There is a lot more to this upcoming Nov. 6 election than just electing a president and vice president of the United States.
Oh sure. That is a biggie.
And, it has become pretty exciting, with most political pundits now saying the race is a dead heat virtually tied at 47 percent apiece.
At least for the popular vote.
But, as noted last week, it all comes down to electoral college votes.
You might also be startled to see on your ballot that Barack Obama and Mitt Romney are not your only two choices for president. There are 10 names to choose from, and that does not even count the choice of "write-in, if any."
However, as important as the vote for the nation's leader is, there is much, much more on the ballot for local voters to decide.
Races for U.S. Senate, Congress, State representative and State senator are all contested, with at least two names to choose from.
Our local races in Faribault County will also need decisions by voters.
Mayor is a popular office this year.
While there is only one choice in Frost, Walters, Blue Earth and Wells, there are contests in Elmore, Bricelyn, Easton, Kiester and, count them, four who want the job in Minnesota Lake.
A write-in candidacy for mayor in Winnebago means that office is now also contested.
Of course, then there is Delavan where no one is running, and "write-in, if any," is the only choice.
Five persons are running for two open seats on the Bricelyn City Council.
Well, sort of, anyway.
One of them, Dawn Haskins, has moved from Bricelyn to Kiester and so has withdrawn from contention. However, it was too late to remove her name from the ballot, so it will still be there.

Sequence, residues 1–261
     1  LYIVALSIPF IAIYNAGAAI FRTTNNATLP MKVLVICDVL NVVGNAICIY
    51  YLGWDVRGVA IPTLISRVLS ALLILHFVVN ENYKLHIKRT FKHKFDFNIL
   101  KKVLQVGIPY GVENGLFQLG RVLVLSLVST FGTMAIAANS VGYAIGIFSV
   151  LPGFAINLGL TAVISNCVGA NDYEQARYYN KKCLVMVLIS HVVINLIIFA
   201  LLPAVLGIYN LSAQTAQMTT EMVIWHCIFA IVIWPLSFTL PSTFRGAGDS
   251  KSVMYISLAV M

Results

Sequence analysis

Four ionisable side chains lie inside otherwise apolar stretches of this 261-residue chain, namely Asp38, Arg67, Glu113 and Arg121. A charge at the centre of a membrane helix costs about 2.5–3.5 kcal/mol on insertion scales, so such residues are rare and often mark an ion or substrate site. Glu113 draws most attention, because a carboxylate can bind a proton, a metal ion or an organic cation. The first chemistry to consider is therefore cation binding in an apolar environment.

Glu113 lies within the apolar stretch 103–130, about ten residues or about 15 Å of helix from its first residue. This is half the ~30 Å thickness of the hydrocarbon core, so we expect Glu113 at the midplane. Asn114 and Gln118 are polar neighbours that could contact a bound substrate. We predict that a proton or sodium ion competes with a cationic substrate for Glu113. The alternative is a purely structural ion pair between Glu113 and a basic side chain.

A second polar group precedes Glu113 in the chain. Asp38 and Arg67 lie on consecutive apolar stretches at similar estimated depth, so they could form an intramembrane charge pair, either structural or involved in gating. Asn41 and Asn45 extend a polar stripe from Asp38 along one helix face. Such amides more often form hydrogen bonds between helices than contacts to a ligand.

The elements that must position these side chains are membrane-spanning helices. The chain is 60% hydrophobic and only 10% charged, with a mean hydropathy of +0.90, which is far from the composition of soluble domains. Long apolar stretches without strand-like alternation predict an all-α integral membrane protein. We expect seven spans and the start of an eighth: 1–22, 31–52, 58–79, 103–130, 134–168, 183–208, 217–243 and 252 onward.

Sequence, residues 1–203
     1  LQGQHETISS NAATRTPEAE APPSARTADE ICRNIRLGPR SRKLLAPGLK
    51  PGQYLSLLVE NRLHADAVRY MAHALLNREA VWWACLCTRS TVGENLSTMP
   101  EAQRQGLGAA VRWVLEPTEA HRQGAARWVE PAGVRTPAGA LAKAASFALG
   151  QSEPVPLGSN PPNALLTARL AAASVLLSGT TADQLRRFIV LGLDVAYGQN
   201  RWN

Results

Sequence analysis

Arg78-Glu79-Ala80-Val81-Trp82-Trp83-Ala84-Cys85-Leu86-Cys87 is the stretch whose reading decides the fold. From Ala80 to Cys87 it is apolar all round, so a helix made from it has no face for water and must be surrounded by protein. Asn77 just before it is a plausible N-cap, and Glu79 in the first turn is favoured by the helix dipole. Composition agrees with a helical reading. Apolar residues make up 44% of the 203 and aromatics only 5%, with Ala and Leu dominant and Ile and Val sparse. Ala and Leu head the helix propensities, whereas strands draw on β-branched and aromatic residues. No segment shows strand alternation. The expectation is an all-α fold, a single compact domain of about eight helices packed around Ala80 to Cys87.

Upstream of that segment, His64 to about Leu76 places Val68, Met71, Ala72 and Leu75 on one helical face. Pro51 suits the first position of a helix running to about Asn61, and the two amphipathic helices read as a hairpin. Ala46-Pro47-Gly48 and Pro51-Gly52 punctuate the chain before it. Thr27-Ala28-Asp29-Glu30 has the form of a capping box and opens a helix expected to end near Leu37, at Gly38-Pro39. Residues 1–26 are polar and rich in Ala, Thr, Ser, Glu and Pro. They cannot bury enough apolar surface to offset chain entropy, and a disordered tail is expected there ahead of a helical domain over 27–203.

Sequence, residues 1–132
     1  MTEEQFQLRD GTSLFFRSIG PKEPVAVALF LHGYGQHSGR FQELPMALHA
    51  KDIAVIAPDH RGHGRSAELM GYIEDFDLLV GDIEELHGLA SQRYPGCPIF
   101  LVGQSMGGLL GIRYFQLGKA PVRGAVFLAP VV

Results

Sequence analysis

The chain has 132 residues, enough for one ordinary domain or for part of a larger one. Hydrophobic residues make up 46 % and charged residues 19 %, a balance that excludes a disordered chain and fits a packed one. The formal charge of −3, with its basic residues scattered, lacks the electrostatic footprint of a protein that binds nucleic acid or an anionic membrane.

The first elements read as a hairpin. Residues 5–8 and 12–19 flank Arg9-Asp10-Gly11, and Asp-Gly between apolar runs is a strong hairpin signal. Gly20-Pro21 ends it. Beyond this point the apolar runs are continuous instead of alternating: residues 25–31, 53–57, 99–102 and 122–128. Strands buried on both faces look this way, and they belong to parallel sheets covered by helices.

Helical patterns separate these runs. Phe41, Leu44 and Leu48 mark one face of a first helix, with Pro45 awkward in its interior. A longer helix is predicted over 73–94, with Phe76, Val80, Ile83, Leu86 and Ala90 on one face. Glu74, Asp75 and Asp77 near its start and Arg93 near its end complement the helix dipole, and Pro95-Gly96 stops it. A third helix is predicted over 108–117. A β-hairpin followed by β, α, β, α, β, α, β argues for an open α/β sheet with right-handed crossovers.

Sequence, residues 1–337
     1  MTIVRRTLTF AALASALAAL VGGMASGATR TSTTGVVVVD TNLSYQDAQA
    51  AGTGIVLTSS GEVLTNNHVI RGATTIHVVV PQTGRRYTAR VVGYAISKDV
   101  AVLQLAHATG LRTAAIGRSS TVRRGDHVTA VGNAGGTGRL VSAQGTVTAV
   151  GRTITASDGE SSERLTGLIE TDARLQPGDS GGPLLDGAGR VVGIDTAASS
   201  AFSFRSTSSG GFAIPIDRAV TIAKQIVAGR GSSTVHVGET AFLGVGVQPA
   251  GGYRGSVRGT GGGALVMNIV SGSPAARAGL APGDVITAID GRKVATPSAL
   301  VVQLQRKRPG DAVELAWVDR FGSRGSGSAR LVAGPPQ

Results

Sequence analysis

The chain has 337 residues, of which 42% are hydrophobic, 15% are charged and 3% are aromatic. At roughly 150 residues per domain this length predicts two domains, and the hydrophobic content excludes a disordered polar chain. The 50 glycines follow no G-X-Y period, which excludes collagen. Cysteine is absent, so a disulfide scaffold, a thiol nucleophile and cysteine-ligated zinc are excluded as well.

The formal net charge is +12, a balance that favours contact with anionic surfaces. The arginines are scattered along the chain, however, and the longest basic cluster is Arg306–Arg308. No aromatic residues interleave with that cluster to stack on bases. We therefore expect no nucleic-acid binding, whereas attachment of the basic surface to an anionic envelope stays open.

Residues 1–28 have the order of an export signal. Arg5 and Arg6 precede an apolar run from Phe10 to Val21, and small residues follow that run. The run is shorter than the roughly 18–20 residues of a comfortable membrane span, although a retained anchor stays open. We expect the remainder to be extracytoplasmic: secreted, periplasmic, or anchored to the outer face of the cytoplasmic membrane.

There are also contested council races in Blue Earth, Winnebago, Easton and a special one in Wells to fill an unexpired term.
Both the United South Central and Blue Earth Area School Boards will involve a choice for voters to make. In both cases, four persons are running for the three open seats on the board.
Voters will also decide things other than electing a person.
There are those hotly contested State Constitutional amendments. On those, if you decide to just skip them, you are actually casting a 'No' vote. It says so, right on the ballot.
Blue Earth residents will have a chance to vote on changes to their own 'constitution,' called the City Charter, and decide if councilmen should be elected at-large, and whether it should take more than a 51 percent vote to change the charter, as it does now.
In that case, if you skip it, it will not count as a 'No' vote. It will be a 'Non' vote.
Residents of Kiester Township also have a decision to make. The question there is whether residents should remove rocks and weeds from the township roads adjacent to their own property.
Somehow that seems a whole lot easier to vote on than deciding if marriage is between one man and one woman or whether you need a photo ID to vote.
Perhaps the residents of Kiester Township needed something to vote on, since their choice for township clerk is just "write-in, if any."
If you want to study the ballot before you go in to vote on Tuesday, Nov. 6, check out last week's Faribault County Register (Page 19) or go to the Secretary of State's website.
If you want helpful information on the local, county candidates involved in contested races, check out the Register this week and next week for interviews and photos.
Due to space limitations, we concentrated only on the races which are contested.
But, as noted above, there are quite a few of those in the county.
It does not mean, however, that they are the only ones.
There are many other positions that will be elected on Nov. 6.
There are positions on the United Hospital Board, township offices, City of Blue Earth Public Works board. Most of those are persons running unopposed.
Then there are those famous judicial offices, where judges are running.
Not all of these are judges running unopposed. Some are, but a few are facing an opponent.
Of course, you will be able to tell which ones are the incumbents and which are the challengers, as the incumbents are listed as such the only time that is allowed on a ballot.
One last note:
Get informed, then go vote.